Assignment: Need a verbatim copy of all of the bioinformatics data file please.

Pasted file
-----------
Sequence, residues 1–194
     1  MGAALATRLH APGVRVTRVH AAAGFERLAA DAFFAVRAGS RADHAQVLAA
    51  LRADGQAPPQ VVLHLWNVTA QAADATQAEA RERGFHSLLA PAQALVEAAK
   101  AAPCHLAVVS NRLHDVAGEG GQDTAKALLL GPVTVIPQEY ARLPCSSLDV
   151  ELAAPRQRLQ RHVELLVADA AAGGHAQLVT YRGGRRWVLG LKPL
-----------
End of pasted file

Sequence, residues 1–194
     1  MGAALATRLH APGVRVTRVH AAAGFERLAA DAFFAVRAGS RADHAQVLAA
    51  LRADGQAPPQ VVLHLWNVTA QAADATQAEA RERGFHSLLA PAQALVEAAK
   101  AAPCHLAVVS NRLHDVAGEG GQDTAKALLL GPVTVIPQEY ARLPCSSLDV
   151  ELAAPRQRLQ RHVELLVADA AAGGHAQLVT YRGGRRWVLG LKPL